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Energy Brief September 11

by Archer Financial Services | Sep 11, 2019
by Steve Platt and Mike McElroy

Price Overview

Prices came under concerted selling pressure on reports that President Trump had discussed easing Iranian sanctions.  Reports that the idea had resulted in John Bolton’s firing/resignation appeared to help encourage the bearish sentiment.  The news helped offset buying linked to the sharper than expected decline in US inventories, which had underpinned values early in the session.  In the background were reports that OPEC had cut its 2020 demand forecast due to the global economic slowdown and the need for ongoing efforts to prevent a glut of crude.
Crude Oil Futures

The pressure on OPEC appears to be building just as tensions between the US and Iran might be easing. How quickly that might bring the re-entry of Iranian crude to world markets and its potential price impact remains to be seen, but it certainly sets up tomorrow’s OPEC monitoring meeting as a key issue for the market.  One has to consider that the recent shakeup at the Saudi Oil Ministry might have been a prelude to recent developments and the prevailing uncertainty.  How quickly the new minister addresses imbalances within the market is a key consideration given the Saudis’ need to support prices ahead of the Aramco IPO.  Any action could be for naught if significant strides are made at reducing tension between the US and Iran.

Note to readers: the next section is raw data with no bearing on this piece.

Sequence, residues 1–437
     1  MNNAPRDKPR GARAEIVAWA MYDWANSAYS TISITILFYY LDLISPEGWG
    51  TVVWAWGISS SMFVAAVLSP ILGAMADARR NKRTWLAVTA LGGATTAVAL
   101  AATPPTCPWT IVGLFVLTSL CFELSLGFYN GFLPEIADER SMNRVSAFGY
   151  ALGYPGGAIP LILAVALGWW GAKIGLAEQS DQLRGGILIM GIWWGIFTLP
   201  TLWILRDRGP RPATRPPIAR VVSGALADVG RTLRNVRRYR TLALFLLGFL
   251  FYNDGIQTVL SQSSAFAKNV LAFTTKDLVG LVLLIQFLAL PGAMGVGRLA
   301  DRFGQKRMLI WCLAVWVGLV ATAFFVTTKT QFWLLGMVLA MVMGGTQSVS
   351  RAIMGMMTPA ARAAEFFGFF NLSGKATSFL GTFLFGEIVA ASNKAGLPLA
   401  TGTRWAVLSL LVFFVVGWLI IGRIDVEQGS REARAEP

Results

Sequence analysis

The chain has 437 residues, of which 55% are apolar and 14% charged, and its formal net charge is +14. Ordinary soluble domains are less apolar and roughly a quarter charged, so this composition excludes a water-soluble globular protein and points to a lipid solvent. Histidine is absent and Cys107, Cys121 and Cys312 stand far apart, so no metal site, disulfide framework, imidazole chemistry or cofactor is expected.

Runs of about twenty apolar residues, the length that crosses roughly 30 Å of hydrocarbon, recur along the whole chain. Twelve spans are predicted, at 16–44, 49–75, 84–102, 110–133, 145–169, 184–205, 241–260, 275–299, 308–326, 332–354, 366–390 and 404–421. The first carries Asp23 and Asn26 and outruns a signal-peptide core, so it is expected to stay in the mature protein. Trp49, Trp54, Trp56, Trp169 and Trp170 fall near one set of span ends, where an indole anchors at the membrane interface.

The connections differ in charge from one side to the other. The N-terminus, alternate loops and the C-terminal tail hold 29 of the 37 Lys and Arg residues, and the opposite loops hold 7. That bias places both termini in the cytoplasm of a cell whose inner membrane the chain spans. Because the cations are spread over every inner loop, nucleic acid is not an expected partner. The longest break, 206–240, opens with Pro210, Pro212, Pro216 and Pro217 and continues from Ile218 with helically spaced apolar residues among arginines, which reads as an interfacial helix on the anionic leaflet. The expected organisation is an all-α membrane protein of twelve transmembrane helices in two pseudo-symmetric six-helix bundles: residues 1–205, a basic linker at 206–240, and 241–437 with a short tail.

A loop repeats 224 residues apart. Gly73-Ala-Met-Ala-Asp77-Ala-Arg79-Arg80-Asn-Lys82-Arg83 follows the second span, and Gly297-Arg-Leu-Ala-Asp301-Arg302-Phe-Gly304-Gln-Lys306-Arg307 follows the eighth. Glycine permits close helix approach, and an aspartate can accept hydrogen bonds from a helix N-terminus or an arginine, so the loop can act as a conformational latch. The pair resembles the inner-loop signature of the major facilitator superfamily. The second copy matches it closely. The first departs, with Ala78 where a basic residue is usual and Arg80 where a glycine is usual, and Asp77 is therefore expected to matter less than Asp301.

Despite the sharper than expected draw of 6.9 mb in crude stocks, the DOE report was once again treated as a non-event given other developments.  In products, gasoline stocks showed a draw of .7 mb while distillate increased by 2.7 mb.  We believe that the decline in inventories is not as serious as it has been in the past given the expansion in US production sources and higher exports adding to the US supply situation.

Today’s news that a thawing of tensions with Iran might be in the cards suggests that the 50.00 level on the downside is certainly achievable as demand struggles.  However the OPEC monitoring meeting tomorrow might provide the basis for caution.  

 

Natural Gas

Prices came under modest pressure reflecting some tempering of bullish sentiment due to yesterday’s failure at the 200 day moving average in the 2.63 area basis October, and the EIA release tomorrow.  Buying still appeared to be linked to forecasts for above normal temperatures for the Eastern half of the US over the next two weeks and the associated increase in demand, which is projected at 88.2 bcf compared to 80.6 on the five year average.  Supply is expected to remain high and total 92.5 bcf compared to 85.3 bcf for the five year.  The EIA report tomorrow is estimated to show an injection of 82 bcf compared to 68 a year ago and 73 bcf for the five year average.

Natural Gas Futures
 

Charts Courtesy of DTN Prophet X


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